D-Day Silver Star, “Wayne R. Cocco”, 1st Engineer Special Brigade
D-Day Silver Star, wrap brooch, numbered “74293″, hand-engraved “Wayne R./Cocco” on a slant. In a black leatherette case with ribbon bar and lapel pin. With a ribbon bar with the Silver Star and EAME Campaign Medal ribbons (worn); two 1st Engineer Special Brigade patches; an OCS patch (subdued) and an Army Ground Forces patch; an original copy of First Army GO No. 39 (31 July 1944) with the full citation for the Silver Star. With some research.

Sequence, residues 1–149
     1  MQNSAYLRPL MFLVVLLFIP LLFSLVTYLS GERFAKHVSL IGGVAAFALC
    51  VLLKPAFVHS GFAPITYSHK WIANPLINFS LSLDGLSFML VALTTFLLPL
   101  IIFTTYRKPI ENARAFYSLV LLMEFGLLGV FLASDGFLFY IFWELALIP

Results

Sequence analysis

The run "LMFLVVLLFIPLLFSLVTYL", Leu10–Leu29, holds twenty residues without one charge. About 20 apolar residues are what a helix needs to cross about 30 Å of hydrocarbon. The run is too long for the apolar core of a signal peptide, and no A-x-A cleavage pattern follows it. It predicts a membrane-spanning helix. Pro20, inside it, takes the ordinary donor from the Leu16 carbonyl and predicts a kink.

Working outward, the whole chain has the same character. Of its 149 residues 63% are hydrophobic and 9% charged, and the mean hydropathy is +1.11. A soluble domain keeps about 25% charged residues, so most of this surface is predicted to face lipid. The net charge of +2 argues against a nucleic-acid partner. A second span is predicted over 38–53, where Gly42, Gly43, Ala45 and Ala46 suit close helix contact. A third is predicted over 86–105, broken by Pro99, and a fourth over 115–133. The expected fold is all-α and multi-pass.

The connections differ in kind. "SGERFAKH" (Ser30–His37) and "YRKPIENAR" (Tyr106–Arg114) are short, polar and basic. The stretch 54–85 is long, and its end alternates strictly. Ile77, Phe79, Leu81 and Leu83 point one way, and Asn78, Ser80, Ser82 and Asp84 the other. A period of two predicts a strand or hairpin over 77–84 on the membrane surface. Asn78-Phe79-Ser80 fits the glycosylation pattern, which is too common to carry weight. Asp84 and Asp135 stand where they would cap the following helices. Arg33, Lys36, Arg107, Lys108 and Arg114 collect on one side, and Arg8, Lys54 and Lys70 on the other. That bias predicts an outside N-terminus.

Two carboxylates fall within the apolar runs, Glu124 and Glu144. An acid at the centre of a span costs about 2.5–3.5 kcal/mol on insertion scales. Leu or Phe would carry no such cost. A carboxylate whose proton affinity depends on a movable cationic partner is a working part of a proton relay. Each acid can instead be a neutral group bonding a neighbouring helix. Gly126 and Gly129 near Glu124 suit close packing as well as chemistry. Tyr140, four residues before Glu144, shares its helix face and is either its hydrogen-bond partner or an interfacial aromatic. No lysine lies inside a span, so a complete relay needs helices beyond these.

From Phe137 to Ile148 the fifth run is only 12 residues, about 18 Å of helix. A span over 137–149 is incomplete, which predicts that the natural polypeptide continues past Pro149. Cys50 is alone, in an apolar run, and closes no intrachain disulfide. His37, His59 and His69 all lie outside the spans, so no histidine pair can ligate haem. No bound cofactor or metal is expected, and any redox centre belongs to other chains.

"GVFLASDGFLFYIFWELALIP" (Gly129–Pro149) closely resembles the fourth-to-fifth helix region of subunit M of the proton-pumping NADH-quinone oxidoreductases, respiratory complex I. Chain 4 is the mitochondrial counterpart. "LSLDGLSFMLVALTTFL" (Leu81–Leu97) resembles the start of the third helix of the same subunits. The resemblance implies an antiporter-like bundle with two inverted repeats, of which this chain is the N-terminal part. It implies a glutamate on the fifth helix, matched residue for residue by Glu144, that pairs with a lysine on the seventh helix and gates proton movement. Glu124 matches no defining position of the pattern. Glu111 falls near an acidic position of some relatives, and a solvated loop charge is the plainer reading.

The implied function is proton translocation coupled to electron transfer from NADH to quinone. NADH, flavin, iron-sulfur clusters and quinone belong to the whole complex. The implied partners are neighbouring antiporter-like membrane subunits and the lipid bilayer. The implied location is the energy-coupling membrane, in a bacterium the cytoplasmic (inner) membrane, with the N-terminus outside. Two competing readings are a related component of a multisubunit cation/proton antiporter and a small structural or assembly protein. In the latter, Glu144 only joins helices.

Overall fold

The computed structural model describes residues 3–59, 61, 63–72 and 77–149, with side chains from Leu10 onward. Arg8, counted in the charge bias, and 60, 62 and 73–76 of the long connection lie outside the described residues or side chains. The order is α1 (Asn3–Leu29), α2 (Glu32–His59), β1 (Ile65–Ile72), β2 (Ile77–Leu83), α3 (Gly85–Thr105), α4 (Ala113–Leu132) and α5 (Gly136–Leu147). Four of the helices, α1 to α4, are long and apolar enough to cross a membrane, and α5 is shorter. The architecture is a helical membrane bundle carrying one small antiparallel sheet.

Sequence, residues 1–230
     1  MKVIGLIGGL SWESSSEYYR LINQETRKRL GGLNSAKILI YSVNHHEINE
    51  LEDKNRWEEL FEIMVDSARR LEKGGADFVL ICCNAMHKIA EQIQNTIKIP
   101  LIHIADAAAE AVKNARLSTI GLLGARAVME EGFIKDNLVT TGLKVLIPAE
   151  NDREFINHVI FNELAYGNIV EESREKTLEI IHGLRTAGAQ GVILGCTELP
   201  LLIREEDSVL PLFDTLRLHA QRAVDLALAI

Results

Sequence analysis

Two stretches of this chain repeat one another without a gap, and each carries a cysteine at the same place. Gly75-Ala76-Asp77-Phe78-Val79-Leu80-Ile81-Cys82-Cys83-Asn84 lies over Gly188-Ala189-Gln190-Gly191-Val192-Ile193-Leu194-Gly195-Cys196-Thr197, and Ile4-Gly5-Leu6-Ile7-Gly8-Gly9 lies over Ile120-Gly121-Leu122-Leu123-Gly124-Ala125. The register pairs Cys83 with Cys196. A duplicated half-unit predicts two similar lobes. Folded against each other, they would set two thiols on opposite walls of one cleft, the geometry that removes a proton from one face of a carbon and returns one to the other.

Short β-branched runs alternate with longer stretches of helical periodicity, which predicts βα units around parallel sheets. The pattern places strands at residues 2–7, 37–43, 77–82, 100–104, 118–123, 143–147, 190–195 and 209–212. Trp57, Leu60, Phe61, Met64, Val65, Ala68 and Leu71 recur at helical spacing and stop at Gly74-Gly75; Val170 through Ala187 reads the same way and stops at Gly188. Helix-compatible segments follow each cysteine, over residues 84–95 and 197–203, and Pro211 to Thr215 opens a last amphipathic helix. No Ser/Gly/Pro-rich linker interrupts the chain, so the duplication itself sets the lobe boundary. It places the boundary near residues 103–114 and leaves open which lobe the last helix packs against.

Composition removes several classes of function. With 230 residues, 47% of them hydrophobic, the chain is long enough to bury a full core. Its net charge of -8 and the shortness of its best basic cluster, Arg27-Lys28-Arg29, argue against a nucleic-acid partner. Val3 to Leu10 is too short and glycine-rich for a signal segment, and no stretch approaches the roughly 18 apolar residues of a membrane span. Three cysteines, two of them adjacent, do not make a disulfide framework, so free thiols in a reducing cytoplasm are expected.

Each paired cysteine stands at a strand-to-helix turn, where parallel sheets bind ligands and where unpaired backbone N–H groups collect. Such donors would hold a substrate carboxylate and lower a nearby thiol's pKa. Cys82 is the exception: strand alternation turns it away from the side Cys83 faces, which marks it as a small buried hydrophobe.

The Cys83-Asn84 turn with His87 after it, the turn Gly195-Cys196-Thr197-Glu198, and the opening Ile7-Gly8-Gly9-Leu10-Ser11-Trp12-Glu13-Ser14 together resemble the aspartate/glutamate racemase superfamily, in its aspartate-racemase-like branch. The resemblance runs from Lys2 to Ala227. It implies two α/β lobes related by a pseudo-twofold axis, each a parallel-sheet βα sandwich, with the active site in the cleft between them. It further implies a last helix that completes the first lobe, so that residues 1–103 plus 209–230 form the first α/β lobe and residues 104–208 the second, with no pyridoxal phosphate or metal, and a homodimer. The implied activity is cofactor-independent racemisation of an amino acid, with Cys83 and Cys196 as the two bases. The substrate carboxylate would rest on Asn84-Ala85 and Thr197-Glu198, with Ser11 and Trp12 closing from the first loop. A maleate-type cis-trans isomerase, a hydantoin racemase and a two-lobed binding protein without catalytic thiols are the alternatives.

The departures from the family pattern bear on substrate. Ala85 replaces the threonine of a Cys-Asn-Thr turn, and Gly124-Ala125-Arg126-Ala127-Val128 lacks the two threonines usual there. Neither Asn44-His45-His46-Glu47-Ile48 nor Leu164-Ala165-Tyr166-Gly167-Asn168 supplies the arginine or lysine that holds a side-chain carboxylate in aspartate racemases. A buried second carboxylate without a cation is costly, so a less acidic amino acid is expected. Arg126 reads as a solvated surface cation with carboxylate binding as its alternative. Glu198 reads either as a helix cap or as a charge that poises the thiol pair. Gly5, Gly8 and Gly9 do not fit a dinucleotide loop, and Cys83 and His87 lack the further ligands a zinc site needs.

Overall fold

Cocco, born in Philadelphia in March 1923, joined the Army in February 1943. The 1st Engineer Brigade landed on Utah Beach on 6 June 1944. Private Wayne R. Cocco earned the Silver Star “for gallantry in action against the enemy on 6 June 1944 in France. Upon landing at 0740 hours on D-Day, his unit came under fire from an enemy emplacement on a hill overlooking the beach. Together with another enlisted man, on their own initiative, Private First Class Cocco crawled approximately 500 yards to reach a position where it was possible to fire their .30 caliber machine gun effectively and continued firing until the pillbox was demolished. The Enterprise, courage ad gallantry of Private First Class Cocco rendered invaluable assistance to the successful landing of his unit.” Cocco was attending Officer Candidate School when the war ended, so he was discharged as a corporal. He died in December 1997 and is buried in Springfield, Pennsylvania.